Finally, Kat realised it was not a clutter problem, not a storage problem. There was something going on with her. And she needed to find out what.
She remembered those nice ladies at the library and their talk. They had resources on their website so she took a look and found something called the Clutter Quality of Life Scale. She loves a quiz and clutter was definitely affecting her quality of life. It was only a short questionnaire but the impact was profound. It left her emotionally drained.
Right from the start, question 1 smacked her in the face. She had to rate on a scale from 1 (strongly disagree) to 7 (strongly agree), “I’m concerned about what others might think of me if they know about the clutter in my home”.
Her immediate reaction was “Well, I don’t care what people think”. But then from the back of her mind came a little voice reminding her of all the times she made excuses to avoid having the book club meeting at her place, all the times she suggested getting coffee out instead of inviting people in, and the friendships she’d shunned because she couldn’t reciprocate dinner invitations. It’s one thing to have family over at Christmas, but entirely another to invite outsiders. Who was she kidding? She’s a 7.
Question 2 – “I have to move things in order to accomplish tasks in my home.” “Well, didn’t everybody?”, she thought. “It would be a waste to keep the dining table clear for the odd family dinner, when she could use it to store shopping till she got around to unpacking it. But she did agree that, yes, she did have to move stuff. A lot.
Question 8 is when the tears started. “My family life has suffered as a result of the clutter in my home.” The memory of Kylie’s face on her 13th birthday came flooding back. All her friends had celebrated their birthdays with slumber parties, but that just wasn’t possible. They’d gone to the Pancake Parlour instead and Kylie had been so disappointed. Bill’s 50th birthday party was held at the RSL, even though she’d hoped to clear the back room in time. It had cost them a bucket load. And Bill was embarrassed when he’d sent out the change of venue announcement. And little Tiffany couldn’t even come for a sleepover. The years were slipping away and the guest bedroom wasn’t any closer to ready. Kat marked down another 7.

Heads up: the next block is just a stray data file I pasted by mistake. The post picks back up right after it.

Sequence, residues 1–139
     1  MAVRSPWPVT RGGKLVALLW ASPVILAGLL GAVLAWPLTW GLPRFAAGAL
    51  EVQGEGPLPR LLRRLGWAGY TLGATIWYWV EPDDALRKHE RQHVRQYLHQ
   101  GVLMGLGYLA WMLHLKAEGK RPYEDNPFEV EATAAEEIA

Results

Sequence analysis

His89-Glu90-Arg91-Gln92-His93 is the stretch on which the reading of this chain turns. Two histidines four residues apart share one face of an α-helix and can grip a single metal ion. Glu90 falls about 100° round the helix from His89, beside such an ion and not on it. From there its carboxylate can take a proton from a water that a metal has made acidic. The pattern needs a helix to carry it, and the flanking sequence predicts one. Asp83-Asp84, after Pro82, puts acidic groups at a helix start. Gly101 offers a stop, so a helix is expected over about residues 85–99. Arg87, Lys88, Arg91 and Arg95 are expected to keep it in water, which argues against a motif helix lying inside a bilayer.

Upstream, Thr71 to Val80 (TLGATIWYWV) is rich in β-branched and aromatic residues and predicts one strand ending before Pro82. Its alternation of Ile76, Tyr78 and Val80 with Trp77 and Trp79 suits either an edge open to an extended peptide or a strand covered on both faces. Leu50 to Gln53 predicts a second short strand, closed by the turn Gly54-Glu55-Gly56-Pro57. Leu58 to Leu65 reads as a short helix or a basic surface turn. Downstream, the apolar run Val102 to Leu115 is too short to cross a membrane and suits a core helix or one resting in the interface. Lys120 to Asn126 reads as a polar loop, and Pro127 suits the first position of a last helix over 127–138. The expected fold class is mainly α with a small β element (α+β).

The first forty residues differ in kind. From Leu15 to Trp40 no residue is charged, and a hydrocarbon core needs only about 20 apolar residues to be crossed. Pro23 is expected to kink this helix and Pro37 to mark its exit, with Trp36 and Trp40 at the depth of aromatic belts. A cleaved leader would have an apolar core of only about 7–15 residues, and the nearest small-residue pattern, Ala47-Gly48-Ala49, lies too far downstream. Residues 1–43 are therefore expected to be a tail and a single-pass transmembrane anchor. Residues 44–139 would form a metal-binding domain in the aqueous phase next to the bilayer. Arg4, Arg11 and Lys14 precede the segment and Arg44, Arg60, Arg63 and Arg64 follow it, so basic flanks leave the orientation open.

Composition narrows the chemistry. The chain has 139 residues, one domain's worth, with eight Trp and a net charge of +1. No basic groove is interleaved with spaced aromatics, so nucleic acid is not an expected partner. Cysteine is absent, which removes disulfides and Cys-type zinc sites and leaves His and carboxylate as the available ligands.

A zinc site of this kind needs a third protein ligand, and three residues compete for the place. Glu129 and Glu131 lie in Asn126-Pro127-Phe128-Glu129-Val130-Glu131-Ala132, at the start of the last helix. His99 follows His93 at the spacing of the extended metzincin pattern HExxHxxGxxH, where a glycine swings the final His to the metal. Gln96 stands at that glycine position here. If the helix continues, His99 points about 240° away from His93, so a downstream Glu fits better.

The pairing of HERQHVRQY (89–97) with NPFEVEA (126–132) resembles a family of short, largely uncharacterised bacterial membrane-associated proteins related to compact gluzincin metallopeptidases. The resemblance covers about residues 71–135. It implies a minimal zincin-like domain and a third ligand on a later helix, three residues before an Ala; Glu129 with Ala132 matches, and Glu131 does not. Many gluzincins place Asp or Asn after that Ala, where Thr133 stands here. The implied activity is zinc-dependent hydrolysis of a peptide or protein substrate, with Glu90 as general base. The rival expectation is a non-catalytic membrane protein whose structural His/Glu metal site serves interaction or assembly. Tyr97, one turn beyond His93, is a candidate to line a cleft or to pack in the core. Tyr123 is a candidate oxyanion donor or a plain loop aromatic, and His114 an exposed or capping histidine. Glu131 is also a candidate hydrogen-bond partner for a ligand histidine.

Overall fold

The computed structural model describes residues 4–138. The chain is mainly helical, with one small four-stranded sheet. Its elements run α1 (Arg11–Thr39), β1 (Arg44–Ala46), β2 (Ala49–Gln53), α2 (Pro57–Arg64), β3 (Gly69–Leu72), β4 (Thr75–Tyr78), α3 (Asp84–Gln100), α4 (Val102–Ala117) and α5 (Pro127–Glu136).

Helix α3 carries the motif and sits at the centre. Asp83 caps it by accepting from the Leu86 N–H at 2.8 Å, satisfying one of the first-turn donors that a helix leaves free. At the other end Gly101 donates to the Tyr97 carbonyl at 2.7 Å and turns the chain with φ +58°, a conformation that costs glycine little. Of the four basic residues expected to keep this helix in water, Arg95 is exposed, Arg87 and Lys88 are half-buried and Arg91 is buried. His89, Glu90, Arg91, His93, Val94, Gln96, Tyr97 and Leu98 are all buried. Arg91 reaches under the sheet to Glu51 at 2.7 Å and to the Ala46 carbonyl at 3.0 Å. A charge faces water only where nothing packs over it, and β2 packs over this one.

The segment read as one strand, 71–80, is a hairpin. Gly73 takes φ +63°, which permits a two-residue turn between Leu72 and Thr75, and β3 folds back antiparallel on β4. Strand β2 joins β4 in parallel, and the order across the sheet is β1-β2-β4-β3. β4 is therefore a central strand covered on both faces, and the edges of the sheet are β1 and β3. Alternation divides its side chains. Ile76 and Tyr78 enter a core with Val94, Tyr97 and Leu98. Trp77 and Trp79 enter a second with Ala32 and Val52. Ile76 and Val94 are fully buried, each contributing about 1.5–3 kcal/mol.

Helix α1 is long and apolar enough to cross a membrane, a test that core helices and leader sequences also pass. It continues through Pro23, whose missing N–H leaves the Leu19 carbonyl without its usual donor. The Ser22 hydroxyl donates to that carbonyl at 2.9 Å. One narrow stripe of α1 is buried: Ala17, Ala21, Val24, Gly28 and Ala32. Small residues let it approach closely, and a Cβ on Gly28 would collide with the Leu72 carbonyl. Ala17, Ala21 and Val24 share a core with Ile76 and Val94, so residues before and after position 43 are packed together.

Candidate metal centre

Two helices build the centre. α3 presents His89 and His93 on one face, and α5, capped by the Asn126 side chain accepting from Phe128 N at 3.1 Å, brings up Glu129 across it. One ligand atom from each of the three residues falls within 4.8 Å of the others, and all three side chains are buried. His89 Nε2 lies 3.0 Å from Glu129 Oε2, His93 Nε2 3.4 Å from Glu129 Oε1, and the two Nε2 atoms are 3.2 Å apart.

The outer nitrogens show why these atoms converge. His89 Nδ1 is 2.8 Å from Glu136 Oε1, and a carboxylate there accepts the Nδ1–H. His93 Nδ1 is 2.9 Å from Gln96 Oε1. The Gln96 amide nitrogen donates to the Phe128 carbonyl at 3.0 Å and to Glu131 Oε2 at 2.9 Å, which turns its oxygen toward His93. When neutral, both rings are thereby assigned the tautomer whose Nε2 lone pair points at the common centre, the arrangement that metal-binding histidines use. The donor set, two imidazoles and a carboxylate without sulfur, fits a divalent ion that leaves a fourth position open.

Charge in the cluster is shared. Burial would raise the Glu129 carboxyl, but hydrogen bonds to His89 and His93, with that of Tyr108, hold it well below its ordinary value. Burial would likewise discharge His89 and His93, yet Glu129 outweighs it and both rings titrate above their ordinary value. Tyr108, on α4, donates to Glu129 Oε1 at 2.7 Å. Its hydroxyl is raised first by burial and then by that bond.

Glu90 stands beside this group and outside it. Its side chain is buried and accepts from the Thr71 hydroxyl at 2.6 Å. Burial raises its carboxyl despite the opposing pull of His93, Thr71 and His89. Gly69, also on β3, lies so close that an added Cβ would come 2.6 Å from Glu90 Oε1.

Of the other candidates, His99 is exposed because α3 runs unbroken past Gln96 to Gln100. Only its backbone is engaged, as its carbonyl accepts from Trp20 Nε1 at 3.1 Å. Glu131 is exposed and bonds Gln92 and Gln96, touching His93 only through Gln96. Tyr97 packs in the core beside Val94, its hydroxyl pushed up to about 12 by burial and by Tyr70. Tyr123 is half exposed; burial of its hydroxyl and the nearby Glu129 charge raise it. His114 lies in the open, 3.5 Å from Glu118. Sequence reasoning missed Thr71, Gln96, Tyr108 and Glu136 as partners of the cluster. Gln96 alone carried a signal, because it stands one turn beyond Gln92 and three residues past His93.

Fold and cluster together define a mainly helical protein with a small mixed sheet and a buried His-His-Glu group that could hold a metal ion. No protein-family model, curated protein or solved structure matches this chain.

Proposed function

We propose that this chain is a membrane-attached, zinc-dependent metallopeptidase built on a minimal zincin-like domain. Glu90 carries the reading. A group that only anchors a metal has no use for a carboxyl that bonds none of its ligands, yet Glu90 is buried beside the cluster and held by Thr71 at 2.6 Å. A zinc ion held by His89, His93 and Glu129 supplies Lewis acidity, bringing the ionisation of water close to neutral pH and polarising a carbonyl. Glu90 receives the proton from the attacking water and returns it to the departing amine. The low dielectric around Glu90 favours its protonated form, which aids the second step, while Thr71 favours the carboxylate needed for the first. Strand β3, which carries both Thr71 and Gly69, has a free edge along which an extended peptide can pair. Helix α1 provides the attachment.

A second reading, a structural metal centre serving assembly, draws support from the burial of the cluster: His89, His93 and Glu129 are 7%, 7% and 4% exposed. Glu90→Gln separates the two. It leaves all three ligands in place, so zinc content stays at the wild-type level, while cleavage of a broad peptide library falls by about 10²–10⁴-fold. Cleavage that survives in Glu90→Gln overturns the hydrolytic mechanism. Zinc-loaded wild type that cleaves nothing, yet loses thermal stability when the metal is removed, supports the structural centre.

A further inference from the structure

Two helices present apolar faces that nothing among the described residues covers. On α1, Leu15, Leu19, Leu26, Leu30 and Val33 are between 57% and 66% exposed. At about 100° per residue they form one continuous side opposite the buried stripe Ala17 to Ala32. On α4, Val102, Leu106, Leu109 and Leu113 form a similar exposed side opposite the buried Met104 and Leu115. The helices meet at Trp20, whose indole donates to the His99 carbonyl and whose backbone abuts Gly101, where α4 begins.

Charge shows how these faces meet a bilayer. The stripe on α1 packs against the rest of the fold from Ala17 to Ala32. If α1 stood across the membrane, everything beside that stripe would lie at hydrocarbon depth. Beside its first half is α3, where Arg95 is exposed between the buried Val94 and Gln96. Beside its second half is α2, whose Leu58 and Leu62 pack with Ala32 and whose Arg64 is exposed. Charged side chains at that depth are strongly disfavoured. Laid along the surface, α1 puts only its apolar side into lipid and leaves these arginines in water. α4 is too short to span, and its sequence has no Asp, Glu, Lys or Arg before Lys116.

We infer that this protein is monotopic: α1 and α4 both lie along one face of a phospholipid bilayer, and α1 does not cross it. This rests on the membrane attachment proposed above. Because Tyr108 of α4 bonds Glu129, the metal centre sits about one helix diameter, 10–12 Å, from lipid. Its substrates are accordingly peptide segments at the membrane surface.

Kat’s total score of 92 meant that the clutter did have a high impact on her quality of life, particularly socially.
Bill arrived as she wiped her tears, and asked, “What’s going on, Love?” He sat with her and studied the questionnaire. Kat waited for the usual bluster, but for once, Bill spoke with more sensitivity than usual. “Well, I don’t care so much about what people think, but I can see why it upsets you. And frankly, it does annoy me that we always have to move things around, like shifting the deckchairs on the Titanic.”
Bill scanned the questionnaire and asked, “Kat, why did you score yourself so low on Question 14 – “I have to be careful when walking through my home in order to avoid tripping over objects? You ended up in hospital and you were out of action for months after you tripped over the stuff in the front entry”.
“Oh yeah”, Kat sighed.
Then he opened up about his concerns on the financial front. It took a lot of courage for him to say how he felt. It turns out he felt resentful about Kat’s monthly spending plus the storage unit they’d kept for so long. It meant the comfortable retirement he’d been looking forward to just wasn’t possible. And there was no way they could travel the world like they’d dreamed of. Kat’s habit may have cost just a couple of dollars here, a couple of dollars there, but they were paying the price now in so many other ways, not just financially. The cost to their marriage had been huge.
This conversation made her strangely optimistic. It was the first time she could remember a conversation about clutter that wasn’t just accusations flying back and forth. Kat said, “Bill, I think I need some help”. Bill had been waiting for this day. “Great, I’ll order a skip!”
“No. That’s not the answer. The clutter in this house is nothing compared to the clutter in my mind. That’s where I need to start.”
If you want to take the Clutter Quality of Life Scale questionnaire like Kat, you can find it here.
Catch up on the past Adventures of Kat here…